Aside from telling you that I am – or was, until very recently – a culinary student I have told you very little about myself. Here’s a biographical tidbit: I am from Nicaragua, and more specifially, the small colonial city of Granada, “La Gran Sultana”. I grew up here and there, and have lived in the U.S. for the past ten years, but roots remain planted at approximately 12° 10′ N 86° 15′ W.

granadaOne of the things I hope to do someday is a thorough research project on the food of my country: why do we eat what we eat? What is really native to us? Who taught us to cook? So many questions about what we consume and why that I would like to answer.

I visited last week, and although ten days is but a brief sojourn, I tried to eat as much as possible. Most of the time my stomach was filled to capacity, but in the interest of scientific investigation, I chewed bravely on. This is merely a brief overview of my native cuisine, but I hope to add more information, as well as recipes, in the not too distant future.

Rice and small red kidney beans are on the menu three times a day. For breakfast, they are mixed and fried together to make gallopinto (literal translation spotted or painted rooster, alluding most likely to the reddish tint that roosters have which resembles the final product). Gallopinto is often accompanied by eggs, either revueltos (scrambled) or as they say in my grandmother’s house, perdidos (lost) or fried, as well as by tortillas or bread. You could also go the full monty and have fried plantains or maduros (sweet, ripe plantains) and cheese, either fresh or fried.

gallopintoGallopinto and tortilla


Cuajada and queso fresco, two traditional fresh milk cheeses.

At lunch and dinner, the rice and beans will be presented separately at the table, but there they always are. Growing up, meals served at home were of an international variety, but regardless of what we were having, rice and beans would be at the table. My mother and I always fought against two starches on the same plate, for example, if we were having lasagna there was no way we were going to have R&B there as well, but my younger brothers waved all propriety aside and would have them at the end of the meal, as “dessert”, they’d exclaim.

Corn products are as many can guess, a staple, tortillas being the most evident example. Most people buy theirs from vendors selling from humble roadside shacks. At under $1.00 for 10 tortillas, they are one of the more affordable food items available in a country that is among the poorest in the world.

TortillasA tasty local treat is quesillo: Quesillo is string cheese that bears a striking resemblance to mozzarella. A braid of it is wrapped in a tortilla, smothered with sour cream (our version being much more liquid than the US variety) and a slaw of pickled onions. The taco-like roll is placed in a slender plastic bag, and voilà, you’re ready to eat. The best part of the plastic bag is that you can tie it, cut off the bottom end, and finish eating your quesillo from that side, the better to enjoy the sour cream and pickled onions that have pooled at the bottom.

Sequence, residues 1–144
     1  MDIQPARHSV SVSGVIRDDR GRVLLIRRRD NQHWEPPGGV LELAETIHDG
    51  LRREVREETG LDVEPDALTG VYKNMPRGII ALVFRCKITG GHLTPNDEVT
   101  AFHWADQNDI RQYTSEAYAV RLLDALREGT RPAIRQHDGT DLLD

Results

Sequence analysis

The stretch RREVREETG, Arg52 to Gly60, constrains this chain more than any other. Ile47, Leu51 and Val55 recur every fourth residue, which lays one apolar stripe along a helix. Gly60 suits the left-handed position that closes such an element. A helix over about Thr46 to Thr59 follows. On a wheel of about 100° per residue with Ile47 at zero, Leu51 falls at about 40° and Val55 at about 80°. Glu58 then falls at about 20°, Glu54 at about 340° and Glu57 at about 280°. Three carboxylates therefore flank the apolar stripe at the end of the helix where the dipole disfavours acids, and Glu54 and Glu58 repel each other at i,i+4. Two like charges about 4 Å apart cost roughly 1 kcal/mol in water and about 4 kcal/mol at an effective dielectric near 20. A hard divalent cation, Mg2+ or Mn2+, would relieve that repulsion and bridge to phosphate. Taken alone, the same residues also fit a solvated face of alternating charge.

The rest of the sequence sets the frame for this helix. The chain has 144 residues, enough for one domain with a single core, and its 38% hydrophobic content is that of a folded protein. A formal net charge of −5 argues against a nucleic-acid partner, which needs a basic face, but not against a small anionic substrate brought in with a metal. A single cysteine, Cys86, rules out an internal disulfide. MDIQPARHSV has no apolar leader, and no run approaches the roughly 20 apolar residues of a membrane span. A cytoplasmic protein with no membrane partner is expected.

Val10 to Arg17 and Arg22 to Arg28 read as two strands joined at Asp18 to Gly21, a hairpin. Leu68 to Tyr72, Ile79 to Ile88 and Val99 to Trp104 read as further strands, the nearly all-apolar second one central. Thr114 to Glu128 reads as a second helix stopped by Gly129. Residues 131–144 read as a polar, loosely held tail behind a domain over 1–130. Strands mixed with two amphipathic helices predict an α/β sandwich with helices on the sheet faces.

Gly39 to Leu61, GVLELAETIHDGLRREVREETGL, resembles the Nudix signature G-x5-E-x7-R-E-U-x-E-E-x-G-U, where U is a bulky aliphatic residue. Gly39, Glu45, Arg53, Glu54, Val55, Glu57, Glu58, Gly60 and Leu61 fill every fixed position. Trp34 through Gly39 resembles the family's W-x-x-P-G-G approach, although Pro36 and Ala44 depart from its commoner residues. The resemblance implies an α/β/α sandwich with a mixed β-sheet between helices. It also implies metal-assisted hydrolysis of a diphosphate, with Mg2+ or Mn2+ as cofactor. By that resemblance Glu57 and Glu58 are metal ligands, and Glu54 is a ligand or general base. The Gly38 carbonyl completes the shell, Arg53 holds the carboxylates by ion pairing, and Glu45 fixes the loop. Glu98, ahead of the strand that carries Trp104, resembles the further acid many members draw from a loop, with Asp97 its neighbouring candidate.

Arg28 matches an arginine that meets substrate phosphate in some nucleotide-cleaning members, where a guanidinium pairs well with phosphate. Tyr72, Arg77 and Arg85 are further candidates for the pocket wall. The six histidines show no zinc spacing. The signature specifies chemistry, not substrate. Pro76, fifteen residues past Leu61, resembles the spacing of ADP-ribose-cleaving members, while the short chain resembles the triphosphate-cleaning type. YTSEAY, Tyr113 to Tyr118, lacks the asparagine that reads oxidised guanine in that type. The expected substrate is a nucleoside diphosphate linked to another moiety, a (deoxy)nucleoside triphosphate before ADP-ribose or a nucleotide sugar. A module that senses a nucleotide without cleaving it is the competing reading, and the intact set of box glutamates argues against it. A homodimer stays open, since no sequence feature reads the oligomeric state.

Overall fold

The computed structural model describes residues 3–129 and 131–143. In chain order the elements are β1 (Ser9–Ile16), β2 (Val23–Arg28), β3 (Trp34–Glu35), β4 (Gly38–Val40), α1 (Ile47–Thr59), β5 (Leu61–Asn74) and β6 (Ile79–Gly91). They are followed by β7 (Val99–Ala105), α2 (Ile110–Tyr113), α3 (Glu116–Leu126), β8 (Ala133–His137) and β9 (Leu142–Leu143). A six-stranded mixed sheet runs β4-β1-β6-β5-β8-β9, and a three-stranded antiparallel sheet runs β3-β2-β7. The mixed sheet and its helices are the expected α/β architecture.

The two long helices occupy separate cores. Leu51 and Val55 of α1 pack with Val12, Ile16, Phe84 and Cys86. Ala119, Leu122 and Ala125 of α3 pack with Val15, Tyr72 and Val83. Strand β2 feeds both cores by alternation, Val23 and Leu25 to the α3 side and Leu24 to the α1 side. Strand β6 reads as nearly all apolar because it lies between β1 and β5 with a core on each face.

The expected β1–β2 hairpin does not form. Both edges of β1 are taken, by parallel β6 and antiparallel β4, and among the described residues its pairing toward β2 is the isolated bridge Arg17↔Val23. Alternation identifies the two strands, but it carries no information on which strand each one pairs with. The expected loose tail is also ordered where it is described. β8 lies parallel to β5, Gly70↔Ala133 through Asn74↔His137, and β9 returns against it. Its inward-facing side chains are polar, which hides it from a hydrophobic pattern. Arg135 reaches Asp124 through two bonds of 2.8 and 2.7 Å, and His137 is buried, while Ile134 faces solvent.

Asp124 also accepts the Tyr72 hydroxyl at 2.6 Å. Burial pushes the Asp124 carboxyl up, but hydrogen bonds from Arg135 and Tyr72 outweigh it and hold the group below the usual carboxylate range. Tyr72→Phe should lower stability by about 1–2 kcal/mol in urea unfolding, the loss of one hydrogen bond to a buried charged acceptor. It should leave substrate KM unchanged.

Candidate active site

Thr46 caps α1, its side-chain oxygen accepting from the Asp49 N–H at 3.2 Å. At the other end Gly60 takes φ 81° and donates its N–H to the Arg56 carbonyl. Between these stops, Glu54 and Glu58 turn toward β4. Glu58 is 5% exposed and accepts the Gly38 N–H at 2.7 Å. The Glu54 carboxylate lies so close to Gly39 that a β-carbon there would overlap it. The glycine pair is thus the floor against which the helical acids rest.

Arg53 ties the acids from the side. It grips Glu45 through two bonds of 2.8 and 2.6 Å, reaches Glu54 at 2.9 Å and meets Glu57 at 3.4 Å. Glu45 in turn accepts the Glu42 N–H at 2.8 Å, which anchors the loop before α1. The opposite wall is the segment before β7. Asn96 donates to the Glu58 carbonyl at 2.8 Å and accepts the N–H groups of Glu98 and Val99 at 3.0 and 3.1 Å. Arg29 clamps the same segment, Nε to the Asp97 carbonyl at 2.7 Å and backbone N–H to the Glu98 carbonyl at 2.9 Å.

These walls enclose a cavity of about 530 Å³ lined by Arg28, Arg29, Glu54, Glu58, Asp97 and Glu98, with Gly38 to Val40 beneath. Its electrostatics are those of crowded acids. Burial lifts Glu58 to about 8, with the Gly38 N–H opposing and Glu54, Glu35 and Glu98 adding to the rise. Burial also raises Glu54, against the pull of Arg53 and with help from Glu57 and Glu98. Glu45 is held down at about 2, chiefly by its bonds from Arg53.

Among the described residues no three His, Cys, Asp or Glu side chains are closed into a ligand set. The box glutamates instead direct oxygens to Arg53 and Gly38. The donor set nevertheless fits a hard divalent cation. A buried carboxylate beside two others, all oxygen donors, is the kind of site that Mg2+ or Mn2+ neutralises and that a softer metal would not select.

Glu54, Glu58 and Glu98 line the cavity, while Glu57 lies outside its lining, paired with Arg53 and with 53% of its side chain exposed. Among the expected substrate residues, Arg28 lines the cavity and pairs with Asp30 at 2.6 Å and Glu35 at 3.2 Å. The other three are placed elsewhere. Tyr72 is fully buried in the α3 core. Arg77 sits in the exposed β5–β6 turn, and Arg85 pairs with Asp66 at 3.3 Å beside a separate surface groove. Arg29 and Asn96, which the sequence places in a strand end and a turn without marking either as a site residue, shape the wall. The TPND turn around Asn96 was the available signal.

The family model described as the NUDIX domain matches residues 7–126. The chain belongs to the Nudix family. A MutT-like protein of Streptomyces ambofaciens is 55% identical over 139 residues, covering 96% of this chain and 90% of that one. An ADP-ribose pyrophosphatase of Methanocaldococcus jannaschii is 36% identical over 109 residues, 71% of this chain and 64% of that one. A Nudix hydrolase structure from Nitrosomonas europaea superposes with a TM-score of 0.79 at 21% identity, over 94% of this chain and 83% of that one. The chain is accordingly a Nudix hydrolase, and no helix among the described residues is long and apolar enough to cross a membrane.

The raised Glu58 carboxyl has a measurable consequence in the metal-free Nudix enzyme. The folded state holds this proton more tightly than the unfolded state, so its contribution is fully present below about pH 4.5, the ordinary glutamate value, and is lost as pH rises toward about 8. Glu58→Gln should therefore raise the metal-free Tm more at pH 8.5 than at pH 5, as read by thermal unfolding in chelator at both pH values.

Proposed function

Corn is also the basis for a number of tamales: tamal pizque, of a greyish green hue that comes from the ash that’s incorporated with the corn; the sweeter and more tender yoltamal (which I unfortunateley couldn’t get while in Nicaragua); and nacatamal, the mothere of all tamales: weighing in at at least two pounds, this huge tamal cotains corn masa, pork, potatoes, rice, tomatoes, prunes, and raisins. It is a delicious and incredibly filling meal.


Tamal pizque.

The mister’s grandmother treated us to one of my favorite things; chicharrón con yuca. Pork cracklings are paired with steamed yuca and topped with a slaw of cabbage, tomatoes, white vinegar, and tiny, spicy congo chiles, which are the only chilies we use and never in great quantities. If bought at a stand at the market or a park, chicharrón con yuca will be served on a chagüite, or plantain tree, leaf.

chicharronconyucaWe were also treated to fried plantain chips, grilled meat kabobs, and my favorite, maduros en gloria (sweet plantains in glory, literally, but figuratively meaning that they’ve died and have gone to heaven): the sweet plantains are fried, then smothered with cream and cheese and baked for a bit in the oven. Really, you must try it. You can find the sweet plantains at your local market (*do NOT buy green ones and expect them to ripen. Buy the yellow ones and wait for them to ripen further, until the skins are black as this will ensure they are tender, rich, and perfectly sweet). There is a recipe from a traditional Nicaraguan cookbook, 50 años en la cocina, by Angélica de Vivas, that I will try at home with American ingredients and post on the site as soon as I can.